Transaction & Tax Type

Your transactions are taxed differently depending on their type, so transaction types are necessary. Please specify the types of uncategorized outgoing and incoming transactions based on the following descriptions.


  • Includes all buys, sells, conversions, and token swaps.
  • There is no need to add a separate category for each because Cointelli will automatically recognize each "Trade" as a "Buy", "Sell", or "Convert".

<Outgoing Transactions>

<Incoming Transactions>


Crypto capital gains tax

Crypto income tax

Tax-free crypto activity

Purchasing goods online

- You are taxed the same way as when you sell cryptocurrencies, whether you are paying rent, buying an old TV, or paying for a Netflix subscription.

Mining crypto

- Any profits you make from a mining pool or service, or from your own mining rig, are taxable as ordinary income and are generally reported on your tax return.

Buying crypto

- When it comes to cryptocurrencies, the first step is to purchase coins. Buying cryptocurrency is not a taxable event, so if you bought an entire stack and still have it, you're in luck!

Margin trading

- A margin trade is borrowing funds from an exchange to execute a transaction and then repaying the loan. In the absence of clear guidance, the sensible course of action is to treat borrowed funds as your own investment and pay capital gains tax on margin transactions and loan repayment.

Getting paid in bitcoins

- You can't avoid paying income tax whether you're a freelancer or employee getting paid in cryptocurrency.

- Coins received as income are generally taxed at market value at the time of receipt, so make sure you declare them or you may be hit with a tax bill.

Gifting crypto

- Gifts to friends and family members are tax-free up to $15,000 per person. If you're feeling kind, this is a great opportunity to not pay taxes on your crypto built in gains.

- If the gift is valued at more than $15,000, you must file a gift tax return using Form 709 (USA). Gifts made in multiple transactions to a single individual will be aggregated to determine if the threshold amount has been reached.

Futures, contracts, or options trading with crypto

- You are not actually purchasing or selling any cryptocurrency when you trade futures. Instead, you're taking a long or short position that the price of the underlying crypto asset will either rise (long) or decline (short) in the future. You will either make a profit or a loss when you exit the transaction  (PnL)

Gambling with crypto

- In the United States, gambling winnings are taxed as ordinary income. Winnings are generally taxed at your federal income tax rates , while losses are generally tax deductible (up to $3000 against ordinary income). Unused losses can generally be carried forward to future years.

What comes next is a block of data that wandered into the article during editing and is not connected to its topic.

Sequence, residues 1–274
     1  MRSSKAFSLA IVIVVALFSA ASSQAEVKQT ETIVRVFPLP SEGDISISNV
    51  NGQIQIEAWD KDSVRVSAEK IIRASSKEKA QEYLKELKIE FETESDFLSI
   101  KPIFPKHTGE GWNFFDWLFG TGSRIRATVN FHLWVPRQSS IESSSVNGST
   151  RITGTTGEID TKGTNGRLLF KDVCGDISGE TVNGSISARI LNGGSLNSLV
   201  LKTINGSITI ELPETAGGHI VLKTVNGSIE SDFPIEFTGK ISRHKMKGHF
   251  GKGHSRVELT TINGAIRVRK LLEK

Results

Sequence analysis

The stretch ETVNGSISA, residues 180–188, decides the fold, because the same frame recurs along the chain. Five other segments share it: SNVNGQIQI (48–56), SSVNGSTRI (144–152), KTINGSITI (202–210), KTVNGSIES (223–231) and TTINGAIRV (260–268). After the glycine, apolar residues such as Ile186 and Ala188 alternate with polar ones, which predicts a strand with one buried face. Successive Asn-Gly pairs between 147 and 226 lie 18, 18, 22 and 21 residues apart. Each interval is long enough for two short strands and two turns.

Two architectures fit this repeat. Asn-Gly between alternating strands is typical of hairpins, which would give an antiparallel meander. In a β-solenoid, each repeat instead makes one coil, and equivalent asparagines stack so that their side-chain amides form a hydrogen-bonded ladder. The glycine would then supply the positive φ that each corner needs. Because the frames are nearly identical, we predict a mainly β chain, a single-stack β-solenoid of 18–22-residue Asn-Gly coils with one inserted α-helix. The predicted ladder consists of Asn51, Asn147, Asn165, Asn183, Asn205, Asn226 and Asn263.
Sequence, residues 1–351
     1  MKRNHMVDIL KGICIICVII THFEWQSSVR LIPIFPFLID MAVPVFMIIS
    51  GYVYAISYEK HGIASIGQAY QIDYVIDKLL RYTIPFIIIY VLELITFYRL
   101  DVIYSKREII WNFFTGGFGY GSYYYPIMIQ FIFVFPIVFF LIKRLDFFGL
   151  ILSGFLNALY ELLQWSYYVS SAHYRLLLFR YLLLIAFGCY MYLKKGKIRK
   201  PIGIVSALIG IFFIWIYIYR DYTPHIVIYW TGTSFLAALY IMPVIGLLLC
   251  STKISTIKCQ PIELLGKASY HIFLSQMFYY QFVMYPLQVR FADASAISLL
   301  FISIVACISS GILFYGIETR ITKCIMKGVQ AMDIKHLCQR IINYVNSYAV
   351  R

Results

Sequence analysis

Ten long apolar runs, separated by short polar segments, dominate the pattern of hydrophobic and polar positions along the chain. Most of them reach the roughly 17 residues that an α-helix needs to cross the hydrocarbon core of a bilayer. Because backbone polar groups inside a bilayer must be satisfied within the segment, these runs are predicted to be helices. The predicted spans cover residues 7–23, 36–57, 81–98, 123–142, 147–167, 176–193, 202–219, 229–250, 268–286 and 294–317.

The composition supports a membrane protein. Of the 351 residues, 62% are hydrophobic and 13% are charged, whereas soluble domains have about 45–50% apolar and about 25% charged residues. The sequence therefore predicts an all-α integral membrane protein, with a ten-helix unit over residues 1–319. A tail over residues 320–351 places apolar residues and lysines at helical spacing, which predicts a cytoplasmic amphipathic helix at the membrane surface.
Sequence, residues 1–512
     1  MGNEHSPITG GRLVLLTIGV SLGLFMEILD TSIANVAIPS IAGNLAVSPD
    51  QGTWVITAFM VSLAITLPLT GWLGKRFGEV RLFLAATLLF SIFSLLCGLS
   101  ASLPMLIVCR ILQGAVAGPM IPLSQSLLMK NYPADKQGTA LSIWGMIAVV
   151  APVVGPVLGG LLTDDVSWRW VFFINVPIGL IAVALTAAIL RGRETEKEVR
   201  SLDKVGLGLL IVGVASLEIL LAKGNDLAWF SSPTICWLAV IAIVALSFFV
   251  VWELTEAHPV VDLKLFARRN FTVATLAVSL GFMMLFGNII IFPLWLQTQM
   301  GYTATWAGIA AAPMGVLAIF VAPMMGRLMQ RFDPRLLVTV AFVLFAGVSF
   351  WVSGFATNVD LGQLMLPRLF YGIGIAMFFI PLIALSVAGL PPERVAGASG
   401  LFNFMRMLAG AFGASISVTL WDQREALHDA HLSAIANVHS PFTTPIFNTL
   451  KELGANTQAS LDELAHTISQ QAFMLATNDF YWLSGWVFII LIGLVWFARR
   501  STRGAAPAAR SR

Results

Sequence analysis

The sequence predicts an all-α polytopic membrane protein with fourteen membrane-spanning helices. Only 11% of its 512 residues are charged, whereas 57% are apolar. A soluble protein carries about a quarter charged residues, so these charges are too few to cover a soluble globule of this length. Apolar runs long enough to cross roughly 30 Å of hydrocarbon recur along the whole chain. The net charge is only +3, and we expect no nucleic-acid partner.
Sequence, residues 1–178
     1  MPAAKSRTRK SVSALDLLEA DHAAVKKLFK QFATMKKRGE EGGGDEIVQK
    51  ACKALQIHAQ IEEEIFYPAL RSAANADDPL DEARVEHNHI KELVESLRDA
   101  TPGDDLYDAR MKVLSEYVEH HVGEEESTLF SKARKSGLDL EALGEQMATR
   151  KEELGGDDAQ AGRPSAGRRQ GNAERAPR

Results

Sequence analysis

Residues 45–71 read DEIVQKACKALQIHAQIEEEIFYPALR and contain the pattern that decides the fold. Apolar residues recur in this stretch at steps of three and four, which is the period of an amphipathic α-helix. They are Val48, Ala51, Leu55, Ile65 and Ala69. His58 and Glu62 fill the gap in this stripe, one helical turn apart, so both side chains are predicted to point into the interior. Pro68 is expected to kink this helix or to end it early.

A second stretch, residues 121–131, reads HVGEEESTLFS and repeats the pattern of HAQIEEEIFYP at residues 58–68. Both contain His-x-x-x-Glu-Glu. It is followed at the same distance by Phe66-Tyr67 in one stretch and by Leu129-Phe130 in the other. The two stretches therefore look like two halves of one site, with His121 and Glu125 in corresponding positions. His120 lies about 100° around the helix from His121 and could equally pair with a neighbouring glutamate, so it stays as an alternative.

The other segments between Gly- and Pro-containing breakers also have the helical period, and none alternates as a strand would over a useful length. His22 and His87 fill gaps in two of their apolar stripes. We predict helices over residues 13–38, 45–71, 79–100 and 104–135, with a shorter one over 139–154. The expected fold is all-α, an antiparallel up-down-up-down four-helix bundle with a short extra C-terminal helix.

Token and coin swaps

- These occur when a cryptocurrency's underlying technology is updated. For example, there were no tax liabilities when EOS moved from the Ethereum blockchain to the EOS mainnet, or when DAI changed its contract address and renamed the old coin SAI.

Participating in an ICO or IEO

- Participating in an ICO or IEO creates a taxable event because you are exchanging one coin for another, i.e. future tokens.

Interest from DeFi, Lending, Staking, or Masternodes

- Interest received from DeFi is taxed in the same way that mining is. You must report it as ordinary  income on your income tax return.

Transferring crypto between own wallets

- When a cryptocurrency's underlying technology, for example, is updated. There were no tax liabilities when EOS moved from the Ethereum blockchain to the EOS mainnet, or when DAI changed its contract address and renamed the old coin SAI.

Selling crypto

- When you sell your crypto, you'll incur tax responsibilities.

Airdrops & forks

- There were uncertainties until 2019, when the IRS officially clarified that any airdrops or forks must be reported as income.

Donating crypto

- Donations are generally deductible, but only if they are made to a recognized charity.

Trading with stablecoins

- Stablecoins are cryptocurrencies and are taxed in the same as any other crypto-to-crypto transaction.

Sign-up & referral bonuses

- Any cryptocurrency you receive in exchange for signing up for a service or introducing users is taxed as ordinary income.


Trading or exchanging crypto

- Trading one crypto for another (e.g.,  BTC → ETH) is also a taxable event.



Crypto capital gains tax

  • A capital gain is the profit or loss from trading or selling assets like crypto.

Crypto income tax

  • Cryptocurrency interest income, staking income, mining income, airdrops and hard forks are taxed as ordinary income.

Tax-free crypto activity

  • Not every aspect of crypto trading is taxable. In some cases, you might not have to pay any tax at all.